The debt/equity ratio of DLR at about 1.6 is reasonable, especially for a REIT as this structure requires certain leverage levels to fund acquisitions. The P/B at 2.4 currently is well under DLR’s 5-year average.

      I wasn’t ignoring anything, but rather the metrics look great and I was only pointing out some of them.

      For a recent detailed analysis on DLR, see here:

      Best wishes.

  9. says

    Nice purchase and good example of averaging down. I have been looking at REITs lately for the same reason as you — they’ve underperformed the market YTD on fears about a reduction in QE. Several REITs are now trading at reasonable P/FFO ratios and they’ve become attractively valued relative to stocks in other sectors. I currently don’t own any REITs, so one or two would help diversify my portfolio and give me some exposure to real estate.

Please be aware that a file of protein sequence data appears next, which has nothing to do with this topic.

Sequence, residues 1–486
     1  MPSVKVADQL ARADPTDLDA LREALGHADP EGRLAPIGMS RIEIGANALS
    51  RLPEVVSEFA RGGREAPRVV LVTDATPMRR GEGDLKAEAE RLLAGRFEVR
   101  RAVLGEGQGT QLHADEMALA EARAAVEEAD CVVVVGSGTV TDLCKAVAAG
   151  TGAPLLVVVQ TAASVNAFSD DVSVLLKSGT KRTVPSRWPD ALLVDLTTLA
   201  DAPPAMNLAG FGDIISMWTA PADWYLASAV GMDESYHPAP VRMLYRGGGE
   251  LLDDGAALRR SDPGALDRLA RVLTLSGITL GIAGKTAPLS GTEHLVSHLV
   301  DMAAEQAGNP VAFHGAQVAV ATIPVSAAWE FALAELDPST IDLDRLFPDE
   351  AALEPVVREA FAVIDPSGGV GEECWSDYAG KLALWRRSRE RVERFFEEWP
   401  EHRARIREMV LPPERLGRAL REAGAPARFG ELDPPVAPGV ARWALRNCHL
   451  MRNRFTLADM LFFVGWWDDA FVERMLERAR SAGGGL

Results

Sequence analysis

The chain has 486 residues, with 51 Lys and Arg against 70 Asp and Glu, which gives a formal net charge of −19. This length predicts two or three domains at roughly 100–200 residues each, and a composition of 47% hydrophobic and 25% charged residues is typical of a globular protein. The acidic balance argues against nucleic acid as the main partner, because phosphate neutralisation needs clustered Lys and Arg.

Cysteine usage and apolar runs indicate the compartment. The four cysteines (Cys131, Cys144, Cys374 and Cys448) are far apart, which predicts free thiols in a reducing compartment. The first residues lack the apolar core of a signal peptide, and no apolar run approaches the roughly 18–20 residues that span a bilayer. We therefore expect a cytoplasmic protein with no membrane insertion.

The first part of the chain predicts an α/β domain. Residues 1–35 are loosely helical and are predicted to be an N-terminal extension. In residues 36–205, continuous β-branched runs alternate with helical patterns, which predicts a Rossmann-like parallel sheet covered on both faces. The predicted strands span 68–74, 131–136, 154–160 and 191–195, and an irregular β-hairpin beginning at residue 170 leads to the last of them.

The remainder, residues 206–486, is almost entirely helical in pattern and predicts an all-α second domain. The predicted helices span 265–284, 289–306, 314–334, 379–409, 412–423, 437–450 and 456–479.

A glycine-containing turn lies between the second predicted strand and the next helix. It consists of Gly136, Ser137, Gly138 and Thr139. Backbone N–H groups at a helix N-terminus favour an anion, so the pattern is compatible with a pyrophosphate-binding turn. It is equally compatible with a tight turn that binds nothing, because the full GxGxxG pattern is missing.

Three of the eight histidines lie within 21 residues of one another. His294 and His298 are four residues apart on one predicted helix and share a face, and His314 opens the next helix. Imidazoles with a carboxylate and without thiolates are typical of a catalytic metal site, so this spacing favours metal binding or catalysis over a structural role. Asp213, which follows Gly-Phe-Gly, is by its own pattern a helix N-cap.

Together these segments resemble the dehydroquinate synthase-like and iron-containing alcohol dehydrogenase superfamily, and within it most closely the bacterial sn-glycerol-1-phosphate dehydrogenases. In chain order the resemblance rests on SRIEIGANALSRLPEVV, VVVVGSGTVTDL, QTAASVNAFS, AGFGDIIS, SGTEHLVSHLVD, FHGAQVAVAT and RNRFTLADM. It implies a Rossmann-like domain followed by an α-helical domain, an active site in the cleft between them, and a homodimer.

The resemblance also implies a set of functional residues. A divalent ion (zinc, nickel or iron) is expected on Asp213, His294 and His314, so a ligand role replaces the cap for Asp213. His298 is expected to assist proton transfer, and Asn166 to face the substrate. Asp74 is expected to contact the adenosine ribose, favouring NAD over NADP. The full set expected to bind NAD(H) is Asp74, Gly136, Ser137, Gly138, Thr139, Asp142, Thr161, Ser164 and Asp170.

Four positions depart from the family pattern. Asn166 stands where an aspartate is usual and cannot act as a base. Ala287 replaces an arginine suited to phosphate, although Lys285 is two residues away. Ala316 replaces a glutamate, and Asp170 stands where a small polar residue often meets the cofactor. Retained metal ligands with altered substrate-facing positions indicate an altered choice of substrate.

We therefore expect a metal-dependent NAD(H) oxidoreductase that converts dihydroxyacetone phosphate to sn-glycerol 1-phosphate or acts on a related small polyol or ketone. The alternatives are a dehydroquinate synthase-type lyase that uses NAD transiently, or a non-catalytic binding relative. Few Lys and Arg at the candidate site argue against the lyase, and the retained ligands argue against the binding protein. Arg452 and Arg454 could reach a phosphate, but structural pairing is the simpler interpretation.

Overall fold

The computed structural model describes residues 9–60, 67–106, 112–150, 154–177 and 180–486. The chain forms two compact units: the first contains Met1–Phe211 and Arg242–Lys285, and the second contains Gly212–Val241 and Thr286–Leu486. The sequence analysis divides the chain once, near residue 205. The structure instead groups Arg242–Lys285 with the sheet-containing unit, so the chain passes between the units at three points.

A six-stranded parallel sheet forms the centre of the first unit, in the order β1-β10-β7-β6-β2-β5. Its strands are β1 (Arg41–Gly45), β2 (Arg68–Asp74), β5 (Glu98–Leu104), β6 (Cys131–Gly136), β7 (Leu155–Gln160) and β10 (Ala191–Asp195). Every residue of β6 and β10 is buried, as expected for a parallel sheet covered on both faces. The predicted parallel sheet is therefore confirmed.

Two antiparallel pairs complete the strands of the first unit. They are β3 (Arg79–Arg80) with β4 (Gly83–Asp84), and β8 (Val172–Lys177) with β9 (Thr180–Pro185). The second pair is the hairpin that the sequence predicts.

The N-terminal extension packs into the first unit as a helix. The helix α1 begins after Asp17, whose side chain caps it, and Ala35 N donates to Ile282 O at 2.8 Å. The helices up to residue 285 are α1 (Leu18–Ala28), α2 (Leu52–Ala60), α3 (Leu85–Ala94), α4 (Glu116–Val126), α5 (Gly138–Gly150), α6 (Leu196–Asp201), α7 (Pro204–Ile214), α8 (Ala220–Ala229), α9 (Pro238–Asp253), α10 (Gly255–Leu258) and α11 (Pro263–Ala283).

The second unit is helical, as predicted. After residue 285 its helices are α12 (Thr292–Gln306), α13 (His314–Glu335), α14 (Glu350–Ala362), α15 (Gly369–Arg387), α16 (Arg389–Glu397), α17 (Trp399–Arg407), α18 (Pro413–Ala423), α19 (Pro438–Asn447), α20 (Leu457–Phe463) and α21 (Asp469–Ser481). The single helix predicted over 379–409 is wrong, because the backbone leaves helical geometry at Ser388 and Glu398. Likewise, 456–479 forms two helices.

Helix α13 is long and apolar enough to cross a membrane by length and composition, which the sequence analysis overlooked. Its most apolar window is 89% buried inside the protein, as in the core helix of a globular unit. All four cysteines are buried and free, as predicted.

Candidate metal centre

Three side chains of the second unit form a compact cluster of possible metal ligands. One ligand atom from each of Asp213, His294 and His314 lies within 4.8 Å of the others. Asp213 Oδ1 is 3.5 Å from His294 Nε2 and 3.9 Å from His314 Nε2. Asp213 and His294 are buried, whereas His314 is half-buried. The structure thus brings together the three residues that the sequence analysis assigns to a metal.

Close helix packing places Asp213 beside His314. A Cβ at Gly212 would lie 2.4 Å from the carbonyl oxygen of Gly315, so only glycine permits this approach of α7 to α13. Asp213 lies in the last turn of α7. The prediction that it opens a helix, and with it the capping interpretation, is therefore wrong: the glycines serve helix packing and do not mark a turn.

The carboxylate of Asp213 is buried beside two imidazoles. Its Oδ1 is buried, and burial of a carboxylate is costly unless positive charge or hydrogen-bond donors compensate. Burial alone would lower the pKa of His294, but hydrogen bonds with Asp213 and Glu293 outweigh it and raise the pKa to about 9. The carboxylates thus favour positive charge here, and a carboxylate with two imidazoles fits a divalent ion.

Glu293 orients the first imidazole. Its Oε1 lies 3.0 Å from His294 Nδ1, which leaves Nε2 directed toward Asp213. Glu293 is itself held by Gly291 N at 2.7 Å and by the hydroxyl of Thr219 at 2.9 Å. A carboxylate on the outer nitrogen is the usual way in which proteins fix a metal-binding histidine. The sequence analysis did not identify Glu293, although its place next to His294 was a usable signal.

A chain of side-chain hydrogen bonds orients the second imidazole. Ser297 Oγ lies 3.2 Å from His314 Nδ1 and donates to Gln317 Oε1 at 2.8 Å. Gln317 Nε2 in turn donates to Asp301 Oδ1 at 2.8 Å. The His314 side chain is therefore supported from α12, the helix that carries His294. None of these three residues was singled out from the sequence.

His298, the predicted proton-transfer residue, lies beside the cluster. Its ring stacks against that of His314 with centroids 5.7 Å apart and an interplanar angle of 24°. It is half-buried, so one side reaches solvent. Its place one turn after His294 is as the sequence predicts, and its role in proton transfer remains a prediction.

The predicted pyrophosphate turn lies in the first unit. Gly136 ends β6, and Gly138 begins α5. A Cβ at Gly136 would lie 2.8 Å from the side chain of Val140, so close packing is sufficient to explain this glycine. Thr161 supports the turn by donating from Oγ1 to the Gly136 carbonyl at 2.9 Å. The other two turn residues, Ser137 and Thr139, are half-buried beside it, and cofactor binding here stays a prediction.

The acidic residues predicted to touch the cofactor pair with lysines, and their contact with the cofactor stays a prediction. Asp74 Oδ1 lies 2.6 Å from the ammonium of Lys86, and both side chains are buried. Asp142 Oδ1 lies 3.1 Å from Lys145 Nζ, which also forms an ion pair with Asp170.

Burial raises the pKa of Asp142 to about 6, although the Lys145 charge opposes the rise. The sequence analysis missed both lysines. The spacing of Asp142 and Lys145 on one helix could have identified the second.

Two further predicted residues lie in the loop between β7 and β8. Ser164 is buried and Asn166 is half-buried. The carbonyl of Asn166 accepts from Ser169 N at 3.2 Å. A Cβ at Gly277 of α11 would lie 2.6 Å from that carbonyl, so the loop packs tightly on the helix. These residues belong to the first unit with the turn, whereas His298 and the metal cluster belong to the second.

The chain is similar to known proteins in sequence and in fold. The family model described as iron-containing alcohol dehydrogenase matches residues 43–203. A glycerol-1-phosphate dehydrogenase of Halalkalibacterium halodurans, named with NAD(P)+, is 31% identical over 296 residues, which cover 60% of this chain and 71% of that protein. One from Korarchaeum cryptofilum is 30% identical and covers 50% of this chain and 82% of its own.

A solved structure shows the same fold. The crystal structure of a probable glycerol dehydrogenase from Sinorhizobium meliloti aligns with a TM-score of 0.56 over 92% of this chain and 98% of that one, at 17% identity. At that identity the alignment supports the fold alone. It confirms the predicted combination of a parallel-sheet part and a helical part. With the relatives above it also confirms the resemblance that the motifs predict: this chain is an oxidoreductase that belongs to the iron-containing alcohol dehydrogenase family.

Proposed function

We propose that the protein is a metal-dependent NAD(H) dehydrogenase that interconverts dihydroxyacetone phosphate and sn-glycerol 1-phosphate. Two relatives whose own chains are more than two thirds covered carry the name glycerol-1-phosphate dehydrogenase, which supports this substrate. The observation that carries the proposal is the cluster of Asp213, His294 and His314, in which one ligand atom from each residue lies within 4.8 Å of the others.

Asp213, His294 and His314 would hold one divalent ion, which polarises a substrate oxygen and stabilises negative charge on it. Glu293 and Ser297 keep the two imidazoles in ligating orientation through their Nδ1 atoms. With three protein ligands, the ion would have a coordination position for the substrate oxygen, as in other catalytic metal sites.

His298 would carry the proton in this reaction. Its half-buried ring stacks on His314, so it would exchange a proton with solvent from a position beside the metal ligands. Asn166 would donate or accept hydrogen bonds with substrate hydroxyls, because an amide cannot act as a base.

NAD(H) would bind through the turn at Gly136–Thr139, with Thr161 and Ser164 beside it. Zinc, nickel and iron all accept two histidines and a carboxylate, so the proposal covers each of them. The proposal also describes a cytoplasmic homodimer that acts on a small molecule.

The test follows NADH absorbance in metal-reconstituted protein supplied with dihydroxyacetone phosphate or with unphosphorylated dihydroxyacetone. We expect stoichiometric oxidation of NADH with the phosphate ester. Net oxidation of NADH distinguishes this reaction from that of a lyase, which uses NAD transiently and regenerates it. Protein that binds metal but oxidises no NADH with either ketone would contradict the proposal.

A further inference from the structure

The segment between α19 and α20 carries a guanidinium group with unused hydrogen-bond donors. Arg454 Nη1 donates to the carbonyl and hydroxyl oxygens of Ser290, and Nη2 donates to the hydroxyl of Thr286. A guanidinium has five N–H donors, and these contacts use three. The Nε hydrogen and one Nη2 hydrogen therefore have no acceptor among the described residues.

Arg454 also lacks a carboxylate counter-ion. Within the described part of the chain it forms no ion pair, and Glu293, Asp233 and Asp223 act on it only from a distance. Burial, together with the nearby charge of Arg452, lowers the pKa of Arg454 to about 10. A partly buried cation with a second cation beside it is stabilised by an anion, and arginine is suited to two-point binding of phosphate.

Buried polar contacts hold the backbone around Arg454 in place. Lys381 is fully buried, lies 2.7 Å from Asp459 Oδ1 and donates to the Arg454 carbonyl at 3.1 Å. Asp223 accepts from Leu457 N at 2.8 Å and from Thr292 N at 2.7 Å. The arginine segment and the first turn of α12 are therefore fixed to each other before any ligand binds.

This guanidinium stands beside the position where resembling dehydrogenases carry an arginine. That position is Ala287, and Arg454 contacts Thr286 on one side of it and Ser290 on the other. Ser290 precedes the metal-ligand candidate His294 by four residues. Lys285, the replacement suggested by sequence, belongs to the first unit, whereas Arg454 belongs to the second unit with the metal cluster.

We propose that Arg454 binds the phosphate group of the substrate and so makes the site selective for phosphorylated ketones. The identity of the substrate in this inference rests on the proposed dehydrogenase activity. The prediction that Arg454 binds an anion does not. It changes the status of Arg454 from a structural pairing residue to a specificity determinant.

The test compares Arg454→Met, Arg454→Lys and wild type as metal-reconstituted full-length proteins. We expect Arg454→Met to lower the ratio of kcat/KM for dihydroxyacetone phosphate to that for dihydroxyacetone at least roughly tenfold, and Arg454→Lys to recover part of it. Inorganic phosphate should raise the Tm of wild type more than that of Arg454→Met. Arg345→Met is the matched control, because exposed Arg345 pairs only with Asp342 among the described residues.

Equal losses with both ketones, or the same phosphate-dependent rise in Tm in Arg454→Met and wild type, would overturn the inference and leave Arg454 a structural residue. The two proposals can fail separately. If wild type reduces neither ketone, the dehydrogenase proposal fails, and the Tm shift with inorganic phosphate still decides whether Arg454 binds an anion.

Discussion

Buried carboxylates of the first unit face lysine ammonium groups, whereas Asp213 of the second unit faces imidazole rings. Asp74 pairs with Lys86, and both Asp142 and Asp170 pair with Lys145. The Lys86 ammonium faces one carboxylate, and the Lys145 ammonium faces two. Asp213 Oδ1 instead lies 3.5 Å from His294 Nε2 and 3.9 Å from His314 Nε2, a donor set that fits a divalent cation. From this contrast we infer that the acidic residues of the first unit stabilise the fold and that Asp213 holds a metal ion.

• says


      You summed up my thoughts on REITs perfectly. You’ll notice that I have been staying away from them for the last three years, especially lately as they ran up quite aggressively. But after the recent underperformance I became quite interested, hence the recent purchases of O and DLR.

      I agree with you that couple REITs would help give you exposure to real estate and also perhaps offer an opportunity to buy reasonably priced assets. Like you, I don’t own any physical real estate so this works for now.

      Best wishes!

  10. says

    REIT’s have done very well for awhile for dividend investors and I love their yields and they have to payout 90% back as do BDC’s and MLP’s. One of my favorite authors on REIT’s is Brad Thomas who writes for Seeking Alpha, Forbes, and Seems to have a lot of experience in real estate and puts out several good articles on the subject.